Most importantly, I learned all the core models in operations management, which is a core part of the Flexport offering. Most of the important inventory management models taught in business schools are more than 50 years old. Our innovation is to feed these models with real-time data on supply latency. We can answer questions like, “how long is it taking your factories to produce each SKU?” and “How long is it taking to deliver the products from the factory into your fulfillment network?” Inventory analysts doing sales and operational planning, even those armed with the models taught in business school (which most aren’t by the way), simply haven’t had the real-time data to feed into the models. Flexport is fixing that, and I have to give credit to Columbia’s operations management class for this. As a tech entrepreneur, those models, and the concept that your inventory is just working capital, cash which has taken another form for a period of time, wouldn’t have been on my radar without my MBA. We’re working hard to educate the world’s logistics and procurement team that transit time and working capital are two sides of the same coin, that if we can speed your freight up by 30%, we can cut the amount of inventory sitting unsold inside a shipping container by the same percent, which means more cash your balance sheet. This is how logistics and procurement teams can become much more strategic. And that’s our goal, to turn our stakeholders into heroes with their company, to allow the supply chain discipline to elevate within a company to where CFOs and CEOs take notice not just when things go wrong, but when things are going right.
What advice would you give someone who has an idea that they think could turn into a business?
Talk about your ideas all the time. If the people you talk to aren’t banging down your door to buy the thing you’re imagining, it’s not a great idea. In every business I ever founded—I’ve started 4 companies with valuations above $50M, with Flexport now at $8B—whenever I would mention the idea in casual conversation, people would beg me to start the company so they could buy the thing. If that isn’t happening to you, then your idea probably isn’t good enough, and your friends or family aren’t telling you that because they’re being nice. You should be getting lots of successful “if-then” statements, where people commit that they would buy from you if the product did XYZ. If that isn’t happening, keep innovating. Don’t fall in love with one of your ideas until this happens. I had dozens of ideas—and still do—that I thought would work.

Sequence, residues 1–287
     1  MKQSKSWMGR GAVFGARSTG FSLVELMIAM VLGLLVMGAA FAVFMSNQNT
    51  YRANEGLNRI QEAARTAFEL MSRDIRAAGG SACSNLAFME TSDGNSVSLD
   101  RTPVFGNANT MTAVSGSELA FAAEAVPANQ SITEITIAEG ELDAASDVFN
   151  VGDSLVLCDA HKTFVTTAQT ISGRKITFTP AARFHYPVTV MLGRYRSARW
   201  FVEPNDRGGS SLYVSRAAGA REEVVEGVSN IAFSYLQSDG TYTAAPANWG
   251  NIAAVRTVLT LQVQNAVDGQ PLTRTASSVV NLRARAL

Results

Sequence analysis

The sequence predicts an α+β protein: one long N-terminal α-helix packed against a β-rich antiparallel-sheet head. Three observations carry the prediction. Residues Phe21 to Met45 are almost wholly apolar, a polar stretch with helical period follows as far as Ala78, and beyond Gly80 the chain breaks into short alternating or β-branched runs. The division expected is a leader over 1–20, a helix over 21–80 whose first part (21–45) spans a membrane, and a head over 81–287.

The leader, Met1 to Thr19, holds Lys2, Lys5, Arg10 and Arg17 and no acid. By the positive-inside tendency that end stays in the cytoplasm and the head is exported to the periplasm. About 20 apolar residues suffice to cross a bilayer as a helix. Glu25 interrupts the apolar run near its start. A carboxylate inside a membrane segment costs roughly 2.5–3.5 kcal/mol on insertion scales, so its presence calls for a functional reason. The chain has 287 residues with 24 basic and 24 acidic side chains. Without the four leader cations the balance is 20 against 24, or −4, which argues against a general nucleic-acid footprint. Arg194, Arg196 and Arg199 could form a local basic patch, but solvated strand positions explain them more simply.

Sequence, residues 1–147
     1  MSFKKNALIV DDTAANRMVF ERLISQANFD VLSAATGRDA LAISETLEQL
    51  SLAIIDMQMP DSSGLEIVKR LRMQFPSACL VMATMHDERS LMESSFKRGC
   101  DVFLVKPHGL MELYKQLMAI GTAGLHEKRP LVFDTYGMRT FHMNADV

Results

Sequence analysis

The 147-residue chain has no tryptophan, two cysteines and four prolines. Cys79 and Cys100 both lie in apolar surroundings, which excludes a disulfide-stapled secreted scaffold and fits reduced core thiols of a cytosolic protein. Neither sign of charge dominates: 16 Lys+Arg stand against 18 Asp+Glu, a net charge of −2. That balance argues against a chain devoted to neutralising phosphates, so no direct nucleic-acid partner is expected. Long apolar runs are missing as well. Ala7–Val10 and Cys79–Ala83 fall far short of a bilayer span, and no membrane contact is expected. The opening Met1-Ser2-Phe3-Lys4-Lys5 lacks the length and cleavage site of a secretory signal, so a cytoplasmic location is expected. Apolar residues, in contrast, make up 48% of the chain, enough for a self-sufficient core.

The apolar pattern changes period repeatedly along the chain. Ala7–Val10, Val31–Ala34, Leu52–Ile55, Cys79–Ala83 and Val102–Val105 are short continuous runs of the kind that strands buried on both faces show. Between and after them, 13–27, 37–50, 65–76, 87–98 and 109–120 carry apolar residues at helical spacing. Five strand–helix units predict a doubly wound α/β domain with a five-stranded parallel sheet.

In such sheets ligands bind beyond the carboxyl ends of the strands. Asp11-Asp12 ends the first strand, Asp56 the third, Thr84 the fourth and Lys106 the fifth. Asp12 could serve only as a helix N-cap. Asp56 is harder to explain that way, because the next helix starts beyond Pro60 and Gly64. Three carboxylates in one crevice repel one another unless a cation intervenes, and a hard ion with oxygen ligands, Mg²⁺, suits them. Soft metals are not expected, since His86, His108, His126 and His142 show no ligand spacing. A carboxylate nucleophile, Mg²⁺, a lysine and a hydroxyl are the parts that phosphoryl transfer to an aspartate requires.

And by the way, if your idea requires venture capital but VCs aren’t giving you money, that’s also your fault. Pick an idea that doesn’t require VC. I did startups for 12 years before raising my first dollar of venture capital, including 4 years working on Flexport before taking on any outside investment. There are tons of ideas that don’t need VC. Maybe they can’t be trillion dollar companies, but that’s okay. If you are successful building a smaller scale business, that success will continue to compound until eventually investors will be lining up at your door to back your next thing.
Success compounds. Successful people become even more successful. This seems like trivial knowledge, because on the surface all it tells you is that you should be more successful, which you were going to do anyway. But this is not trivial at all. It’s profound. Because it says that you should go for small wins. Like an engineering team developing software using agile methodologies, you should always have a working system that you can iterate on in your life. Going for a big, giant win is not how success develops: It’s about long term commitment to daily improvement. It means finding something you can do today to create value for somebody else and, as soon as possible, finding a way to capture a portion of that value for yourself. Ironically, when investors see that you’re going to build the thing with or without them, they get more excited to back you. But most founders should ignore the world of VCs and just find things they can build without them. The alternative is to sit around waiting for permission from some investor before you can build your business. Nothing could be more lame.